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Re: The Dec. 9 Detroit News story “Homelessness, asthma force family to give up children”: The story of Siretha Lattimore, Dwayne Cole and their son Malik, is unfortunately, not unique in Michigan or throughout the nation. The experiences of this family are all too common in today’s child welfare system.

Malik’s story reads like a Greek tragedy, but it’s an American one. Working full time and barely getting by on $24,500 per year, losing their home and spending time in shelters, transitional housing, and sleeping in their car, Malik’s family had to make some heartbreaking choices. Many readers may have found it shocking that parents Siretha and Dwayne ultimately had to place their kids in foster care in order for their children to receive the care they needed.

Time and time again we’ve witnessed families confronted with financial hardships, either because of a series of unfortunate events as in the case of Malik’s family, or due to long-standing poverty. Lack of housing, transportation, and often, access to counseling and treatment services, are recurring themes in child welfare cases throughout the country. By all accounts, Malik’s family was loving and caring, but survival on a single, low income was fraught with risks. What choice did parents Siretha and Dwayne have? In the same situation, and with children with severe health conditions, what would you have done?

So where was the failure in our protective systems in this story? Should case managers have flagged the need for emergency services earlier perhaps? If they had, would there have been enough and sustainable help to prevent the final tragedy of a family torn apart?

Some states are successfully shifting from the traditional adversarial model of child neglect and abuse investigation and developing “differential response” strategies. These offer families a continuum of holistic services that allow children to remain safely at home. States are also making better linkages between child welfare and various economic supports. In Michigan, we have made strides in that direction, but have been stymied by disinvestment over the last decade that has resulted in cuts to basic needs programs and child-abuse and -neglect prevention strategies. Without state investment in these strategies, we are overly reliant on federal funding opportunities and philanthropy to assist families in these circumstances.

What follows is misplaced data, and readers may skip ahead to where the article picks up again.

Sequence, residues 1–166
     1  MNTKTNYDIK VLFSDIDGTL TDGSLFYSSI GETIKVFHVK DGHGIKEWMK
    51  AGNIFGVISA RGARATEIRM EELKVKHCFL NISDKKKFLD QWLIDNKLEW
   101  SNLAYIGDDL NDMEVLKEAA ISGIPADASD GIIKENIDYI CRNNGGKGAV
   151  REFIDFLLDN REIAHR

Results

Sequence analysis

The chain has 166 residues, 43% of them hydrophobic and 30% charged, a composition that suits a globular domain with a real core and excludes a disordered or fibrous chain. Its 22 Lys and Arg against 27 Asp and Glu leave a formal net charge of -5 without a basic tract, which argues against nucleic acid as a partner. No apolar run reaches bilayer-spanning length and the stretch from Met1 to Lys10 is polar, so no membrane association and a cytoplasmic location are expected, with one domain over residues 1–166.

A recent proposal introduced in Congress is part of the answer.

The U.S. Senate Finance Committee will soon consider the Family First Act, a bill aimed at keeping children in the child welfare system safe, supported at home, and in family-like settings, rather than in protective custody. By providing states access to federal Title IV-E funds — the largest federal funding stream for child welfare — to invest in a range of holistic services for children and their families, including preventive and family services, the legislation would help build states’ capacity to keep children out of the foster care system.

The bill includes funding for short-term crisis intervention assistance to help stabilize families like Malik’s when they most need it. Short-term financial assistance would be made available for necessities such as utilities, rent, food, child care, and car payments. In Malik’s case, funding from the program could have been used to keep his family together, in their own home, before ever having to move to transitional housing, shelters, and eventually, their car, or the streets.

This legislation would provide a critically important funding source to support states in their existing efforts to provide a broader array of services to vulnerable children and families.

Michele Corey,

Michigan’s Children

Bruce Lesley, First Focus Campaign for Children

Editor’s note: The family was brought together after readers and community organizations read the PBS NewsHour, Detroit News report. See the follow-up: Home for Christmas for Detroit family, son with asthma.

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